- Several St. Louis suburbs have found ways to keep their recycling programs running, reports KBIA, following Resource Management's August announcement that it would stop collecting single-stream recyclables at the end of October, due to unfavorable market conditions brought on by China's import restrictions.
- The cities of Brentwood and Kirkwood both reportedly have signed contracts — for three years and one year, respectively — with Republic Services, who handles recycling for a good portion of the St. Louis region. Brentwood also signed a contract with Waste Management, another company that serves a large portion of the region.
- The city of O'Fallon has entered into a contract with the city of St. Peters through the end of this year that will require a switch to dual-stream. St. Peters operates its own recyclables processing plant and its collectors will take O'Fallon residents' plastic, glass and cans to the plant. Residents will have to drop off paper and cardboard themselves.
St. Louis certainly isn't the only U.S. metropolitan area to be affected by China-prompted recycling industry changes, but it is one of the most notable because of the scope of the problem. While there are benefits to having one MRF serve a large number of residents in one county or metro area — such as recycling program consistency in neighboring municipalities — this example also illustrates one of the big downsides. Many municipalities can suffer consequences if that one company experiences difficulties.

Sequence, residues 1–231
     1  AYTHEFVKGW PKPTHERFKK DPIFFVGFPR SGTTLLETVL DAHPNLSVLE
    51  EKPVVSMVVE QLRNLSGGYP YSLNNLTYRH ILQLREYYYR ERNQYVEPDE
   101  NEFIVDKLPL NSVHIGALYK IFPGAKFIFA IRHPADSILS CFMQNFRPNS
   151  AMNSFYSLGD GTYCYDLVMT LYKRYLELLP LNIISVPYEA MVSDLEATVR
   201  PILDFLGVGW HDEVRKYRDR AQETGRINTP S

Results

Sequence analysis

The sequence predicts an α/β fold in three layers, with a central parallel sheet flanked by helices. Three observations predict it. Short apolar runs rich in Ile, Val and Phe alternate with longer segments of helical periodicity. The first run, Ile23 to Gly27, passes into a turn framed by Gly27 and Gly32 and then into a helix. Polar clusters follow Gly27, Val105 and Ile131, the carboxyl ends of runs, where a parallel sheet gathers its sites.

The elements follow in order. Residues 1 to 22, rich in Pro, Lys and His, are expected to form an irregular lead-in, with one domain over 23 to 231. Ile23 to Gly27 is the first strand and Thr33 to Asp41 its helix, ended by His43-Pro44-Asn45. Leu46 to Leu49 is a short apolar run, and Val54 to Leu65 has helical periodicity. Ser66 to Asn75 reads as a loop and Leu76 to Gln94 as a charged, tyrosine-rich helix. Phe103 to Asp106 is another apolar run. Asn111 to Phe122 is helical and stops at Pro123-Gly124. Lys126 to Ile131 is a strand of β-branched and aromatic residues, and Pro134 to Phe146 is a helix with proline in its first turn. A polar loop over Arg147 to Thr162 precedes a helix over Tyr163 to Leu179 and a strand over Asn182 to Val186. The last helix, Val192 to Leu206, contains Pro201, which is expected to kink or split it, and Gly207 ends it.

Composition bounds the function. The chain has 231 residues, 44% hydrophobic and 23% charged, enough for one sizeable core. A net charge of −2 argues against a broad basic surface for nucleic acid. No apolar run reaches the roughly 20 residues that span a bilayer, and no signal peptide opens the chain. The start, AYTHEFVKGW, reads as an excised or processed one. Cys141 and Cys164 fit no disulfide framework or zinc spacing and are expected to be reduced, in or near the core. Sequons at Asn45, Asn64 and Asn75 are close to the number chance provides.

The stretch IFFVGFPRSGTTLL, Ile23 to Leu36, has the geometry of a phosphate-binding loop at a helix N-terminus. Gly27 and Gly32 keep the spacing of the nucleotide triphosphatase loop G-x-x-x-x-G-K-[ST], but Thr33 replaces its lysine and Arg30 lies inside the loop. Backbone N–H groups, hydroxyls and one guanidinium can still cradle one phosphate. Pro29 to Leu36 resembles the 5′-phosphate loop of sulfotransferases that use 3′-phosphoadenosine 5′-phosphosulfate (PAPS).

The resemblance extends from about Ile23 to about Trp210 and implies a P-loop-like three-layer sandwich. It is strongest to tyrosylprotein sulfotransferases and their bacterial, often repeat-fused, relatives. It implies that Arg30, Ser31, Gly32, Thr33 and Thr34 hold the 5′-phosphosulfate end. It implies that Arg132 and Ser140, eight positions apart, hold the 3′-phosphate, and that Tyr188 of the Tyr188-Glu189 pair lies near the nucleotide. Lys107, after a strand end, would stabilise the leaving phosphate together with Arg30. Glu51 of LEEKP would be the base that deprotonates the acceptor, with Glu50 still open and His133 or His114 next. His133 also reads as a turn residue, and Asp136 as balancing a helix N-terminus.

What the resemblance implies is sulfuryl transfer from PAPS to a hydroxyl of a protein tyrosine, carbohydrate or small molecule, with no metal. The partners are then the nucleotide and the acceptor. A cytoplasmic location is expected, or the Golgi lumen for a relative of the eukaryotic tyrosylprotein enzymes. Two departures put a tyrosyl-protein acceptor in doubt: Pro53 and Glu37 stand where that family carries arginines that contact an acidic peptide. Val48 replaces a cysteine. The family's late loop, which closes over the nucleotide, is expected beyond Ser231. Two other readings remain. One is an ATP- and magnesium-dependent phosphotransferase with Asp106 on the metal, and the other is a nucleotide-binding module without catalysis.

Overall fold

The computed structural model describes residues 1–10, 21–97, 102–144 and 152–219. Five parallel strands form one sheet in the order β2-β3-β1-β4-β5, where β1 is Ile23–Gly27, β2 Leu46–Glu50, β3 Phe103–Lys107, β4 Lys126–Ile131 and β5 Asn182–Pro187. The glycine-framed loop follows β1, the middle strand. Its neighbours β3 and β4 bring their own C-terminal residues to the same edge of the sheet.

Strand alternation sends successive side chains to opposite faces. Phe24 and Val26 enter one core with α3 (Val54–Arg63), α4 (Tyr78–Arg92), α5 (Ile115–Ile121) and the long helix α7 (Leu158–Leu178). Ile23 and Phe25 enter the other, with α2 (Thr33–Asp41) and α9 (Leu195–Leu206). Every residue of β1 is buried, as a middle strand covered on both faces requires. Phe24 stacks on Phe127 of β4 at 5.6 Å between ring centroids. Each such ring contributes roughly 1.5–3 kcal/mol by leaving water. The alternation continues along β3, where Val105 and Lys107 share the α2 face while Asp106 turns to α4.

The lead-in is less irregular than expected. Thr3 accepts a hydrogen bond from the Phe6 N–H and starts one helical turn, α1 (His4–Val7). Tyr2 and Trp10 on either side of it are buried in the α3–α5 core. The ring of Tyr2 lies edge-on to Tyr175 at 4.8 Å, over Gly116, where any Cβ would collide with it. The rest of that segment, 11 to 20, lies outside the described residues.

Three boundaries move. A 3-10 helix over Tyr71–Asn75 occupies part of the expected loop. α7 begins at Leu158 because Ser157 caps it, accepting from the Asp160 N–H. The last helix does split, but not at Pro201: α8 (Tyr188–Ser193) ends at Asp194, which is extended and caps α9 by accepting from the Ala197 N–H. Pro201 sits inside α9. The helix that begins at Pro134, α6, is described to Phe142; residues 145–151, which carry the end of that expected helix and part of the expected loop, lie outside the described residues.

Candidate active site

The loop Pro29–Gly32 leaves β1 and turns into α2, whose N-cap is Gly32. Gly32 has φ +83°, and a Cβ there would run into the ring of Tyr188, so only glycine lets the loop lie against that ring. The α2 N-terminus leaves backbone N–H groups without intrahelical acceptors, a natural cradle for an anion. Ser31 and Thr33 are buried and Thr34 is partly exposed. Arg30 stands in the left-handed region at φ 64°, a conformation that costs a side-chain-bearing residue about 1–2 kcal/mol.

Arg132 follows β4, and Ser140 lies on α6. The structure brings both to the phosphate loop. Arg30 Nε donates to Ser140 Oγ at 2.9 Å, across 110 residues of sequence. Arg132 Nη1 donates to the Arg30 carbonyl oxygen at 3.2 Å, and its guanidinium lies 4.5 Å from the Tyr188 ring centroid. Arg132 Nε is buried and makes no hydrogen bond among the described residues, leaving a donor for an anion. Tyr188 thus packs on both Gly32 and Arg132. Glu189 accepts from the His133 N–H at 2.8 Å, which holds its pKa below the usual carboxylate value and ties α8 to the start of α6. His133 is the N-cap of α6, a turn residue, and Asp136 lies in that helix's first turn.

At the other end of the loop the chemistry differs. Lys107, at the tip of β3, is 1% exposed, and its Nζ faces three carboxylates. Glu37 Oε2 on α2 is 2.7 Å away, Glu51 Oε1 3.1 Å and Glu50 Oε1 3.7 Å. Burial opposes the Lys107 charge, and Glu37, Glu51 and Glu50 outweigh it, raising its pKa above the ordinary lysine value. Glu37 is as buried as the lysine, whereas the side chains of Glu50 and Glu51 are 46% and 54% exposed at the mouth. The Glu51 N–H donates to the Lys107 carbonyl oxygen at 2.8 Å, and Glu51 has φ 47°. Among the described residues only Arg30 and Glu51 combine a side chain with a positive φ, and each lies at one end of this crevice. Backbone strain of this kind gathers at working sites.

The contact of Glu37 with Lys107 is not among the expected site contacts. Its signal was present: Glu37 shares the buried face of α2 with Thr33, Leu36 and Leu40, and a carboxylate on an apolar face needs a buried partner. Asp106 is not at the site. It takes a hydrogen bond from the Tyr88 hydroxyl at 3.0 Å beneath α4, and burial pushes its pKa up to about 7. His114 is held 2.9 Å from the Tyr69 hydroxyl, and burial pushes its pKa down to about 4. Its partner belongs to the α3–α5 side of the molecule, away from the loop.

Officials in Kirkwood had announced in August that curbside recycling would be suspended because they didn't feel like there were viable, affordable options for a processor who could take over after Resource Management halted service. Before the markets took a turn, Kirkwood received $15 per ton from Resource Management for recyclable materials, but this year the company began charging the city $35 per ton for recyclables dropped off at its facility.
Kirkwood revived its recycling program after weeks of resident complaints, stating the city would use reserve funds for 6-12 months and then figure out a new plan. The new one-year contract with Republic Services gives leaders some wiggle room for designing a new long-term solution. However, the interim program won't come cheaply — Republic Services is now reportedly charging Kirkwood $115 per ton and the city doesn't want to raise residents' collection fees. Brentwood also doesn't want to raise its residents' rates.
A number of other St. Louis County municipalities have been affected by Resource Management ending service besides the three that announced short-term solutions. For example, Lake St. Louis is eliminating items from its curbside collection, including glass, cardboard and paper, reports KMOV. Recyclables from Wentzville now will make a nearly four-hour trek across the state to Kansas City, although the city might make more recycling program changes in December.
Although St. Louis County municipalities are doing their best to preserve recycling programs and keep residents happy, all of the rapid changes and temporary solutions could end up causing a lot of consumer confusion. When confusion spreads, the rate of recyclables being thrown out tends to increase and may undermine their overarching goals.